Take the clothing industry. Belts, shoes and purses labeled “Genuine Simulated Leather,” which were once relegated to cut-rate discount stores, are now produced and sold by top-name fashion brands through major retailers at unjustifiably-high prices that make them — and the people who designed them — accessories to what amounts to retail robbery.

There’s obviously little point in asking the awkward but unavoidable question “How gullible do they think we are?” when the answer is in the bag you’re carrying out of the store. And it wouldn’t be so bad if all that we were out as a result of being fooled was a few bucks. But the actual price is considerably higher.

Perhaps it would be better if we focused on cutting our losses going forward, concentrating on the subtler ways we get “taken” every day and the things that are taken from us that are far more important than money. Things, for example, like our self-respect — just one of the commodities increasingly imperiled by this age of “false equivalents” that we now find ourselves mired in.

The rise of social phenomena like “fake news” and “alternative facts” is just the fat-free, Splenda-sweetened icing on a cultural cake made with soy flour, Egg Beaters and I Can’t Believe It’s Not Butter! [They probably also used artificial vanilla extract and that waxy, brown carob stuff that pretends to be chocolate, but it’s best not to dwell on such thoughts.]

Just like all those replacement ingredients turn what could be an appetite- and soul-satisfying eating experience into a self-conscious exercise in dietary damage control, substituting expedience for integrity has turned the lives of many a Baby Boomer into something their younger selves would neither recognize nor accept.

How many of the so-called “non-materialists” of our generation were unable to resist the lure of pinstripe suits and power bow blouses after rocking tie-dye t-shirts through their tradition-trashing teens? I don’t know. How many Yuppies did it take to plan a trip to a free love and sitar music festival in Big Sur? [Two. One to say “Where?” and another to say “Why?”]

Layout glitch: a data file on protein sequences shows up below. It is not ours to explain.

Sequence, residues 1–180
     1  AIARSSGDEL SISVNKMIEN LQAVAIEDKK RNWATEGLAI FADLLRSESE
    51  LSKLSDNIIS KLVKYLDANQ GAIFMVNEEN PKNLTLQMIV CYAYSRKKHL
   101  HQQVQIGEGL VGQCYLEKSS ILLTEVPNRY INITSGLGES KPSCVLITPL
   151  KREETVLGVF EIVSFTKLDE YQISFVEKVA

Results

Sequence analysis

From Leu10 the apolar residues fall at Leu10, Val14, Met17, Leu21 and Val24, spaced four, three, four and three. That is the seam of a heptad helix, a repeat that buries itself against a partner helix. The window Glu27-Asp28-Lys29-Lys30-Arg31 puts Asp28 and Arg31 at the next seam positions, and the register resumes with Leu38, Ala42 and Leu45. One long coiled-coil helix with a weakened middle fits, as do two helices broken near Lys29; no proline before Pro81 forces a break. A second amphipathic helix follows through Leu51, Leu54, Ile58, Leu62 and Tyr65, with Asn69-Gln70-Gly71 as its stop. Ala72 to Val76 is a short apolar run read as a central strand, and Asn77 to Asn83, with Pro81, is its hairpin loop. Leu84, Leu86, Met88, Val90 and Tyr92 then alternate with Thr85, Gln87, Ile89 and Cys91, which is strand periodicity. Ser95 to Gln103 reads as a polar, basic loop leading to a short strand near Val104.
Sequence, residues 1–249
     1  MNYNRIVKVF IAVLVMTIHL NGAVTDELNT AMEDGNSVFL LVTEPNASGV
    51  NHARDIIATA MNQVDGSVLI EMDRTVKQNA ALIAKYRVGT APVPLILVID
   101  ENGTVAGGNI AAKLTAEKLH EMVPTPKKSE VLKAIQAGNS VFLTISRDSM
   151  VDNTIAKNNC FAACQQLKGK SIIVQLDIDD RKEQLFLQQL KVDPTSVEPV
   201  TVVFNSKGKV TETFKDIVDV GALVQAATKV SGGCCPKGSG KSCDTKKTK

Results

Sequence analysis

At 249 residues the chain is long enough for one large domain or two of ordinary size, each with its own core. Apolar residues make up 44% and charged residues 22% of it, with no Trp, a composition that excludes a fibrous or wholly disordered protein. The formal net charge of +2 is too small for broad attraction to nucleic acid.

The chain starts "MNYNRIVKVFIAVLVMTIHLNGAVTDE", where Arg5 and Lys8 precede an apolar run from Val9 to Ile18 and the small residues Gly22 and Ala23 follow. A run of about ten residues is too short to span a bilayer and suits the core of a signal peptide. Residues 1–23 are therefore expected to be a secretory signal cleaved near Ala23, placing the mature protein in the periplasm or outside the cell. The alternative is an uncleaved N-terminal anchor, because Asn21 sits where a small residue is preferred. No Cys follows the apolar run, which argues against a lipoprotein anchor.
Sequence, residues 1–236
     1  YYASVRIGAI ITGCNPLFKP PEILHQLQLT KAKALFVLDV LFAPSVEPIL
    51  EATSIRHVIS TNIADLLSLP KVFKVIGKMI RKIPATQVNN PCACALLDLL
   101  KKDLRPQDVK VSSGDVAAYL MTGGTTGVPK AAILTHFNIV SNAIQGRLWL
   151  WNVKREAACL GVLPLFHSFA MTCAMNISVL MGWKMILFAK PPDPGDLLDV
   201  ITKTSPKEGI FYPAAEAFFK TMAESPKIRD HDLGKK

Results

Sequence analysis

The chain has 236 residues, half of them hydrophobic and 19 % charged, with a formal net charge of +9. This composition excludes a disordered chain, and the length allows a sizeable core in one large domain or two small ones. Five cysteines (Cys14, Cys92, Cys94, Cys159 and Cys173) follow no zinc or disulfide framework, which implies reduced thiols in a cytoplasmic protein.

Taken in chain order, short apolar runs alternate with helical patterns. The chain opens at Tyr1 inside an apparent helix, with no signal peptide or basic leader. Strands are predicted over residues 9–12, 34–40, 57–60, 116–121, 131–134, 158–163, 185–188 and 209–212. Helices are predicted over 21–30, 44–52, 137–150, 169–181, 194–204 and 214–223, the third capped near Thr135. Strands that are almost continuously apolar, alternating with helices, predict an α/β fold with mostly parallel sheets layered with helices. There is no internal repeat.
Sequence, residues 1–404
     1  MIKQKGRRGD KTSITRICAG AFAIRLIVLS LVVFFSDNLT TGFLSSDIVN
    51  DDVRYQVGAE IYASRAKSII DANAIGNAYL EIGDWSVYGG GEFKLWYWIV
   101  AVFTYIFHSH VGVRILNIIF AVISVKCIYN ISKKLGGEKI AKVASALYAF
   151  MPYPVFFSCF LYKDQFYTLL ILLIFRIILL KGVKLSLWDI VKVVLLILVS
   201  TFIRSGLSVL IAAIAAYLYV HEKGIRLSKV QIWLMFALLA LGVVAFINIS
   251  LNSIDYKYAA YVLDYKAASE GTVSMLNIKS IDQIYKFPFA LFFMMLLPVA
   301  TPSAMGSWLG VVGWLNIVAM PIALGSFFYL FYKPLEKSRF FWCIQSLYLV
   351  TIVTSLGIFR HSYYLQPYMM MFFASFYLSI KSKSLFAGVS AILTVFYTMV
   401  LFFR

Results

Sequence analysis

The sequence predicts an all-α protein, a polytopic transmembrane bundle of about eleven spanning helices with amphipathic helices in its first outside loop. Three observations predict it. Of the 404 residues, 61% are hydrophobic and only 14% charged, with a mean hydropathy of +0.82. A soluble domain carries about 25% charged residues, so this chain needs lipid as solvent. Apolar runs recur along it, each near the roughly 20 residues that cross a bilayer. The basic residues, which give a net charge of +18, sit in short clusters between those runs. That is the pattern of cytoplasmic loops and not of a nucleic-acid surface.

It all started, I think, the first time we “settled.” That moment in each of our lives when, instead of holding out for what we really wanted by drawing on what is perhaps our most powerful Boomer asset — the strength of will that helped change the course of a nation and the shape of the world, we caved.

Some of the compromises that we’ve made I can’t really quarrel with. The Beatles had been broken up for a decade when Beatlemania [...“Not the real thing but an amazing simulation!”...] began touring in 1980. I get it. When you’re suffering from an advanced case of Lennon-McCartney withdrawal, you can only let it be for so long.

Thinking about some of our generation’s other choices, though, leaves me anything but glad all over. Like the single, “of a certain age” Boomers who, feeling like they’ve been waiting forever for “Mr. Right” to come along, decide one night that maybe “Mr. Right Now” will do [...hoping, I’m sure, that he doesn’t turn out to be “Mr. Goodbar.”]

It seems, in fact, that a lot of the compromise choices we’ve made potentially impact our physical as well as our emotional wellbeing. Like becoming blindly dependent on the almost endless parade of supposed-to-be-but-really-aren’t safe artificial sweeteners and “fat-free” almost everythings instead of simply moderating our consumption of naturally-healthy foods.

And substituting battery-powered e-cigarettes for the now-known-to-be-horribly-unhealthy set-fire-to-them-in-your-mouth kind only to find that puffing electronically-produced “vapors” can apparently make you sick in a whole pack of ways that the tobacco industry never dreamed of [...but I can only imagine were praying for like crazy.]

The thing that I think scares me the most here is what the end game for all this might be. Because every time we settle for something less than what we really want, the less incentive they have for even trying to give it to us. And when that happens, I guarantee you that the closest you’ll get to real, genuine, authentic satisfaction will be, at best, an amazing simulation.

© 2017 Doug Carpenter

Back to After 50 Home Page